I went over to the Page One bookstore in Taipei 101 this afternoon, or rather what’s left of it. When Page One opened in the new mall complex that formed the base of what was then the world’s tallest building, it filled an entire floor with rows upon towering rows of books on every subject, featuring vast literature and fiction sections, a healthy art and photography selection, and the whole place was filled with that wonderful new-book smell. There was a huge Sony Store opposite with all kinds of cool gadgets, and the Jason’s supermarket downstairs was filled with tasty treats from all over the world, including Keebler Fudge Sticks.
Over the years, however, things have changed in the area. More buildings have gone up, mostly luxury apartments no normal person could ever hope to afford. More useful stores, such as electronics outlets and interesting restaurants, gave way to more and more top-end fashion accessory brands. The supermarket was left mostly devoid of Western goodies, settling down into more of a large-ish Wellcome grocery at three times the price. As this happened, Page One closed off one section after another, slowly shrinking until it could only be entered through an exit stairway door.
Now it’s scheduled to close in the near future. Most of the unsold books have been brought to the front of the store, including the children’s book section, which I found kind of sad. The whole thing is kind of sad, not just Page One but the entire area, although Page One seems like an apt metaphor for what’s happened, i.e. money chasing out culture. But I suppose it’s better to build that area up than to simply tear the old parts of the city down, which is happening, but not at the rate it might have had no land been available out at the east edge of the city.
After purchasing, somewhat out of a sense of guilt, a Star Wars notebook, I walked around the area a bit, remembering when it was mostly empty, and how happy I’d been when the Warner Village theaters were built. They’re still there, of course, along with a long series of expensive Mitsukoshi Department Stores. I stopped in the Gogoro Scooter shop and was impressed with the electric scooters dotting the showroom floor, though for me a city scooter is solving a problem that has been solved effectively with the arrival of the MRT and the YouBike system. If I were to buy another two-wheeler, it would an electric motorcycle with enough range to get me into and back out of the mountains for a day or so.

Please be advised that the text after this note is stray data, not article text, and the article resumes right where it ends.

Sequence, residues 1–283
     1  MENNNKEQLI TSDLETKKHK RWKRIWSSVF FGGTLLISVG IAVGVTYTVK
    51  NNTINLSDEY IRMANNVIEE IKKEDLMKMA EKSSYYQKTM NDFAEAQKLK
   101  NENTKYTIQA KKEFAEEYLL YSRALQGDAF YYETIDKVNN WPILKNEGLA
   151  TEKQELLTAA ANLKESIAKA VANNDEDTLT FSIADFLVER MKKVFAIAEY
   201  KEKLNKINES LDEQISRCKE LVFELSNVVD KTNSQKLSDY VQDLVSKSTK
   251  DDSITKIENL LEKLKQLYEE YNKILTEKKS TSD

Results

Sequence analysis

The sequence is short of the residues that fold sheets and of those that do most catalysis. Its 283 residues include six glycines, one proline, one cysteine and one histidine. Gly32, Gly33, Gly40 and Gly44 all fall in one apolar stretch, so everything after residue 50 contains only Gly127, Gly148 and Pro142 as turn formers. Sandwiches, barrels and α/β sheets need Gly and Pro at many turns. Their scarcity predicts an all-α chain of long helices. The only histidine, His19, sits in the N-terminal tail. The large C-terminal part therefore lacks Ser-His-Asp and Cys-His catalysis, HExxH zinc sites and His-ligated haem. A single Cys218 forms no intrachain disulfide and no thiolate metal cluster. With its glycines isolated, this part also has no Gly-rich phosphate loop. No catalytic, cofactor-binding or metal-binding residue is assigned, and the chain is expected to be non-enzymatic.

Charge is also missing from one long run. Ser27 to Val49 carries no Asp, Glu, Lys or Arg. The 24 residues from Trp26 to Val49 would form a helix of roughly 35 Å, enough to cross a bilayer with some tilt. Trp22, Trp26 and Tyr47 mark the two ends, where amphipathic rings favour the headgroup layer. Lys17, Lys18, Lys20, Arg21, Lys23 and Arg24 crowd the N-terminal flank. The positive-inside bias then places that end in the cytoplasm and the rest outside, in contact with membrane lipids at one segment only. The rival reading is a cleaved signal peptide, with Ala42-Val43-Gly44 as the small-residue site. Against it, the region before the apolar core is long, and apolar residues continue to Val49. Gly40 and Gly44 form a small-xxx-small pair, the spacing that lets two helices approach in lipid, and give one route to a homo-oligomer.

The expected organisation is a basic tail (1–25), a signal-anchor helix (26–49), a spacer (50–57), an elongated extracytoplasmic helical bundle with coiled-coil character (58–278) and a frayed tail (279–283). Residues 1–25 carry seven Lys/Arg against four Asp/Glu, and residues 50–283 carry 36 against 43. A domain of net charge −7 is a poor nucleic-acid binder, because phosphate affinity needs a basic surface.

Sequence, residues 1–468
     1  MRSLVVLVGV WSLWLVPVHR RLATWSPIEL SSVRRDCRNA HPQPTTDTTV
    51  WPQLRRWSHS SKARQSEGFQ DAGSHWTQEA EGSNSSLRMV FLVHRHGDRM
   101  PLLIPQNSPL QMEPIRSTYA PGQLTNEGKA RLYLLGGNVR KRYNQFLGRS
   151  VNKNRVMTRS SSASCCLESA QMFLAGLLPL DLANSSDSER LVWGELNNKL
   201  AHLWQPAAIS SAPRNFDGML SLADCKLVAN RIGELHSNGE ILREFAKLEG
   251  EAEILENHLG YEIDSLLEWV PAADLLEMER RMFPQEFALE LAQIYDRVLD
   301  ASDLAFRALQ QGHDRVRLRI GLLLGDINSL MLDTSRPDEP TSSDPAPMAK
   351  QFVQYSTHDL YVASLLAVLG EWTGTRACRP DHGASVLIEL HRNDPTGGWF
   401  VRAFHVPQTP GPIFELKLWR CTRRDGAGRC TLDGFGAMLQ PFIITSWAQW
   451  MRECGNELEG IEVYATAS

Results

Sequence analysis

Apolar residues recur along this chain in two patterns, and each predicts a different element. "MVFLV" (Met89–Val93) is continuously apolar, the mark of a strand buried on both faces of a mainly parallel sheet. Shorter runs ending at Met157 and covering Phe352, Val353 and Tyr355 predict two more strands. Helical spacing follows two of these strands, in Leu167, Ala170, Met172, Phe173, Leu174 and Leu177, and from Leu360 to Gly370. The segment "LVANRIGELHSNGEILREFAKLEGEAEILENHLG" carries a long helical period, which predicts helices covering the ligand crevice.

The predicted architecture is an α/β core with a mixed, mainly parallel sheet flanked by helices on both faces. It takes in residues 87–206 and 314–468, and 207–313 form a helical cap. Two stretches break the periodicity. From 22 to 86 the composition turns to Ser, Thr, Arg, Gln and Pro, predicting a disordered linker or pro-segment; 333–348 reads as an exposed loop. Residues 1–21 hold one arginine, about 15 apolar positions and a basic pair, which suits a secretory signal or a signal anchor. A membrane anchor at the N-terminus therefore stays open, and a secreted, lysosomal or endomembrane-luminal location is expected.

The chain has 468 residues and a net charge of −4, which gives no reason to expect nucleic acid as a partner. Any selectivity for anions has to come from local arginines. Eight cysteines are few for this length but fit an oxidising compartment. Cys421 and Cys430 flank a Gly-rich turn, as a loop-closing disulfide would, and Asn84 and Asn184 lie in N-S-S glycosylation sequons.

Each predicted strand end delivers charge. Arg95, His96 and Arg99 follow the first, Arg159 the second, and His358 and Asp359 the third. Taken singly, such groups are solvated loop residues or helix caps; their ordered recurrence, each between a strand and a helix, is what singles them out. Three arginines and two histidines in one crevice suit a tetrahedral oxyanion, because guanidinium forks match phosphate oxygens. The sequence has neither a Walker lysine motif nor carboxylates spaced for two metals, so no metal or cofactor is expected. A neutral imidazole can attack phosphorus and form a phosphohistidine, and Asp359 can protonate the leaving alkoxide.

But the area around 101 has become markedly less interesting. The real action is happening, as it seems to always have done, in the alleys of Taipei as young entrepreneurs open up more interesting shops with their own vibe and audience. Perhaps the vacuous culture-suck that surrounds 101 is a useful lightning rod, drawing clueless rich tourists and spoiled rich locals away from places where they could do a lot more harm. The real soul of this city still lies elsewhere.
I took the big movie poster over to the new DV8 the other night. I figure that that is the most suitable place for it, rather than just sitting amid the clutter of the Water Curtain Cave. For one thing, the first scene we shot was at the original DV8, and Gary, who runs the place these days, also acted in the film (in a scene shot at Peshawar, which has long since been torn down). I’d never been to the new DV8, which is now on Fuxing South Road near the rear entrance to NTU, not far from one of my former haunts, actually. I should get a DVD to Gary, I suppose, though Dean said he would work on a Blu-ray version.
In other news, Maoman, Taffy et al are setting up a book party/signing for me on July 18th, a Saturday. They’re looking at Vinyl Decisions, which is near the old Bob’s (My, there are a lot of old/new places in that area). I imagine it will be a small affair, but I’ll post the details either here or on Facebook when I know more. Hopefully the print version will be available on amazon soon; they require a certain amount of time, but it’s been a while, so hopefully by that time it will be up. Currently the print version is available at Camphor Press’s site. If you buy one and somehow randomly encounter me on the street when I’m not in too foul a mood, I’ll probably even agree to sign it for you.